Two weeks after winning the 2018 Grand Final, almost everybody else in the NRL was off partying, in celebration mode. Josh was back with me, working on his speed.



Somebody asked me, ‘Do you think it’s a coincidence that all these bad boys end up working with you? You know, you’ve worked with Matt Lodge, you’ve worked with Todd Carney, you’ve worked with Jake Friend, you’ve worked with Jarryd Hayne, you’ve worked with Mitchell Pearce …’


I don’t know whether they can just relate to me, or they know that I can relate. I try to give them the pathway and be more than just a coach, maybe a mentor and a friend as well.


I feel I get on really well with a certain type of player. There’s a little bit of streetwise or bad boy in them and I think we find that common ground.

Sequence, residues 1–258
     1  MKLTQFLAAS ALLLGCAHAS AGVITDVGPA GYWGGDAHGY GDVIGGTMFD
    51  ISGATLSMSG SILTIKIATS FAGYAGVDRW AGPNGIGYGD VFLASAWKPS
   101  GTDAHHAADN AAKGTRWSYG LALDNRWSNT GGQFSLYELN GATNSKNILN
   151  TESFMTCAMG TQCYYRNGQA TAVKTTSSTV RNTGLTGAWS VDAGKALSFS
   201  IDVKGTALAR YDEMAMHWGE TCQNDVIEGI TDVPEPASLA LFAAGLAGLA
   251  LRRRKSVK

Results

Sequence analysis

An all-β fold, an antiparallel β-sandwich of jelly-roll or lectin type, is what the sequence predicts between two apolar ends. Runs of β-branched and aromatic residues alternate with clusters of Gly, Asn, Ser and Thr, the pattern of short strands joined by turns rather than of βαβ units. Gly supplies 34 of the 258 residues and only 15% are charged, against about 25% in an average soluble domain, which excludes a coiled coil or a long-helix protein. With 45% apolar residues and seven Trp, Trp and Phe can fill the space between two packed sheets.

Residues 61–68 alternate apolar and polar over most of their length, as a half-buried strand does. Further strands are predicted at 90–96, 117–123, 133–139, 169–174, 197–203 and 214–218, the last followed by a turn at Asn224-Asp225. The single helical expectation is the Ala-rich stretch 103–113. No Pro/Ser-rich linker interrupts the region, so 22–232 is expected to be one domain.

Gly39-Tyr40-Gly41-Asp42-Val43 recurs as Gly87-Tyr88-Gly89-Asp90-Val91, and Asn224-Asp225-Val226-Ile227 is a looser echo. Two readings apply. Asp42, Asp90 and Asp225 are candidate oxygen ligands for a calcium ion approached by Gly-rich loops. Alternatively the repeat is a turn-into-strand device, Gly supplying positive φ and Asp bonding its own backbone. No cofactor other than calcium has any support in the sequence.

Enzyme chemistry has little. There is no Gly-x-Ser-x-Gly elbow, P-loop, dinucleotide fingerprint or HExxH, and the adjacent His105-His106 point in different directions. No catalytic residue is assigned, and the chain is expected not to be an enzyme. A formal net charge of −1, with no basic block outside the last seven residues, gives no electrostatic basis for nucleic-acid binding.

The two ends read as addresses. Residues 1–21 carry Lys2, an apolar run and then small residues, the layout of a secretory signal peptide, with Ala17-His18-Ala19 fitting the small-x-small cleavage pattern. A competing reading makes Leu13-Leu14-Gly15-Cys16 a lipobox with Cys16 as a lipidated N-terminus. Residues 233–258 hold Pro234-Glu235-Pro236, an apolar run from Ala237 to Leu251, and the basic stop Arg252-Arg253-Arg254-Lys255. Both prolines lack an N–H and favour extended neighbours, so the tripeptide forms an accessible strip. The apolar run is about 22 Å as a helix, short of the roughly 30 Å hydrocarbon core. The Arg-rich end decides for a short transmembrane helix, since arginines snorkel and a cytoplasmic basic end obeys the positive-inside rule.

I always get 100 per cent. That’s a given. They’ve chosen to come to me. Nobody tells them they have to go there, so I’m never going to be worried about commitment and application.


I can tell who’s going to excel or not. Maybe it’s a coincidence, but I think it’s something much deeper.


Those higher echelon blokes like Hayne, Sonny Bill, Addo-Carr and Damien Cook, when I talk about coaching cues with them, I can see them visualising it and trying to execute the movements while I’m talking.


An athlete who isn’t quite at that level will just listen and then try and execute.


These guys are different. They have the ability just to process that information so much better than somebody else. I can’t believe it’s a coincidence.